14 Easy Ways To Improve The Flavor Of Canned Carrots

Whether you're preparing for the end of the world, enjoy buying in bulk, or just like to keep canned goods on hand, we think it's a great idea. Canned vegetables are incredibly nutritious, last longer than fresh produce, and are always ripe and ready to eat. For foods that typically take a bit of prep work like peeling and chopping, it's worth it to save the extra time and buy them prepped and ready to go straight from the can.

Canned carrots in particular are a great option because they are pre-cooked, which makes them easy to work with. Although fresh foods typically taste better, there are plenty of ways to spice up your canned veggies so that nobody will know the difference. We've gathered together 14 easy ways to improve the flavor of canned carrots so that you can skip that extra trip to the grocery store and get cooking with the food you already have in the pantry.

Sweeten them

We love carrots because they are an incredibly sweet variety of vegetable. They're also beautiful to look at, and, of course, they are healthy. Usually, we wouldn't recommend that you take advantage of someone's sweetness, but with carrots, it's a different story. Lean into it and glaze them with all the sugar you've got (sort of). There are plenty of options to choose from when it comes to sweetening carrots. While New Englanders couldn't imagine a world where maple syrup isn't the primary sugar source, southern cooks might lean more towards brown sugar or hot honey. Either way you slice it, remember that carrots, especially cooked carrots, are naturally sweet so it's not necessary to drown them in sugar. 

Drizzle on a little maple syrup or sprinkle on a few pinches of brown sugar, along with a fat like butter or olive oil. Even when working with a sweet dish, salt and pepper go a long way and can help to round out the flavors. This salty-sweet combination will help to mask the canned carrot taste and will immediately help to improve the flavor of canned carrots.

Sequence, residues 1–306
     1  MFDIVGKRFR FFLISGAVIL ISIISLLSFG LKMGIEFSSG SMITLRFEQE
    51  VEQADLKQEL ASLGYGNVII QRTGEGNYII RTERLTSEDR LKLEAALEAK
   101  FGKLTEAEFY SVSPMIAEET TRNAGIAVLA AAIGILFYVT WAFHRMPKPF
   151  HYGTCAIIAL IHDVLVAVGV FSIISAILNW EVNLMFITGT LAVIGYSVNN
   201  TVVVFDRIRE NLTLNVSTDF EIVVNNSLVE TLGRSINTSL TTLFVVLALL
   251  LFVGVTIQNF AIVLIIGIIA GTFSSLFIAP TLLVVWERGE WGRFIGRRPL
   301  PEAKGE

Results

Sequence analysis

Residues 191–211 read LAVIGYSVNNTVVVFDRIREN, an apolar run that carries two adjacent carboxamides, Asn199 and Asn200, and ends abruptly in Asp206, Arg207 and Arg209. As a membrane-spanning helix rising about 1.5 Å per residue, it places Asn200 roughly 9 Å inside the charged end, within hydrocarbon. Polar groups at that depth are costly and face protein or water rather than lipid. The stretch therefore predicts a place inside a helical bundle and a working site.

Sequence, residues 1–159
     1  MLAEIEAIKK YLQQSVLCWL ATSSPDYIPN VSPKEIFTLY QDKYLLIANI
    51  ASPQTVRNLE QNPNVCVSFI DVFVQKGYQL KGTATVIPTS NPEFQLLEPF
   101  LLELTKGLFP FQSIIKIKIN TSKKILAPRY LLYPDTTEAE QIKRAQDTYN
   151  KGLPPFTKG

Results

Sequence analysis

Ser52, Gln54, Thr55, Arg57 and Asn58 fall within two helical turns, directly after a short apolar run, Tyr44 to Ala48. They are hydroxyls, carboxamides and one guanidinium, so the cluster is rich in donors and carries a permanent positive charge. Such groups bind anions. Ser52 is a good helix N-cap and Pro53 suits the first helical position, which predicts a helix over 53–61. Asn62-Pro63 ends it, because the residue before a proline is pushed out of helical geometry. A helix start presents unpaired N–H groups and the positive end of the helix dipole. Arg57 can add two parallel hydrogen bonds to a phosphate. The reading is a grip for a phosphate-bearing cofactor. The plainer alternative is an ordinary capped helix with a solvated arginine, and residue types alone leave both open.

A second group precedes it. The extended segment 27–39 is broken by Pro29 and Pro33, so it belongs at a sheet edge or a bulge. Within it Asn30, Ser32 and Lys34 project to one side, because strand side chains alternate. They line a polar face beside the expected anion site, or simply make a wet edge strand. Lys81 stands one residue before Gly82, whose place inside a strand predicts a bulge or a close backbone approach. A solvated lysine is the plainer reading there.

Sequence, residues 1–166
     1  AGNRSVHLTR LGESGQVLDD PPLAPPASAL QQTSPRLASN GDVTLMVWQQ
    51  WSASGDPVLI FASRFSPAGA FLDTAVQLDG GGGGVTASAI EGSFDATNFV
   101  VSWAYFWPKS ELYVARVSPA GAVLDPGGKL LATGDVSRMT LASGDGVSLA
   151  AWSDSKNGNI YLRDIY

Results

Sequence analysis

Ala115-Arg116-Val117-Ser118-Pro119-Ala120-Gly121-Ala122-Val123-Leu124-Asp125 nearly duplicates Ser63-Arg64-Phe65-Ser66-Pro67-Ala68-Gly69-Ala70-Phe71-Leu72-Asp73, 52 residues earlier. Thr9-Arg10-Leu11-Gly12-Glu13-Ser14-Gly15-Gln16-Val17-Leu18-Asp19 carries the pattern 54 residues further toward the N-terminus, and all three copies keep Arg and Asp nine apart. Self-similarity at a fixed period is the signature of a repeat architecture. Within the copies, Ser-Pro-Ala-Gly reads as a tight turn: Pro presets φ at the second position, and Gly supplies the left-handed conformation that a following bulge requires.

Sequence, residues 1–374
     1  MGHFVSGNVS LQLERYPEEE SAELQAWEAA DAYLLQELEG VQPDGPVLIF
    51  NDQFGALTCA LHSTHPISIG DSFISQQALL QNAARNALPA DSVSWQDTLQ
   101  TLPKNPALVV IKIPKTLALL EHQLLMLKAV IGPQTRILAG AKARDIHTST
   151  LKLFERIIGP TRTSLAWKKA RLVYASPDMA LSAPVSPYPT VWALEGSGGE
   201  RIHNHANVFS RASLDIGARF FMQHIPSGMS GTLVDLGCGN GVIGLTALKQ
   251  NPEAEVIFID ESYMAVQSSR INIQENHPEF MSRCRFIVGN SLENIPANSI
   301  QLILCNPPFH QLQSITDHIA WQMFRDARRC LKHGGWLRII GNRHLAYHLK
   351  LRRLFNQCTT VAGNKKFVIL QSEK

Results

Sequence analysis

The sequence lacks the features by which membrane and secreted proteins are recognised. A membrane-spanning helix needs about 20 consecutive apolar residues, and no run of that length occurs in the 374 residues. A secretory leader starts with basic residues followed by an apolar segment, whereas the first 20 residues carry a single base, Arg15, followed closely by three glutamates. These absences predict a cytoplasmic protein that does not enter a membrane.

Alternatively, consider adding some cinnamon to your sweetener and fat to really lean into a dessert-like side dish. Sweetening carrots work whether you're planning on popping them in the microwave for a few minutes or roasting them in the oven. There are no limitations here when it comes to preparation, so take advantage of your culinary creativity.

Bake a cake

Even those who aren't veggie fans can say with confidence that carrot cake is absolutely delicious. It's chewy, sweet, unique, and somehow loaded with vegetables. And even if carrot cake really isn't your thing, there is no denying that cream cheese frosting is entirely elite.

Perhaps the most laborious part of making carrot cake is shredding those darn carrots. It's a risk to the knuckles and can take quite a bit of time. For those of you with orange-stained cutting boards, you know the struggle. Luckily, canned carrots are much softer than fresh carrots, so they shred more easily. Be sure to buy whole canned carrots and, preferably, large carrots instead of baby carrots. These will be the easiest to grasp as you run them along the cheese grater. You'll still want to go slowly and guard those knuckles, but the process will tick along much faster.

This swap is perhaps best for those who like carrot cake but don't love getting a mouthful of chewy carrot shreds. Softer canned carrots tend to incorporate into the batter better than fresh ones do and tend to melt into each bite. This may not be a solution for those of you who enjoy the subtle crunch of a chewy carrot cake, but it's certainly worth a try. Simply replace fresh carrots with canned carrots in your favorite carrot cake recipe, and don't skimp on the cream cheese frosting.

Melt in some butter

Although most steamed vegetables are pretty darn delicious on their own, the ultimate way to improve their flavor is by adding fat. Vegetables are naturally low in fat and tend to have a clean, light mouthfeel. Sometimes those subtle notes are enough, but when we are dealing with canned vegetables it's often nice to have a little flavor to dress them up.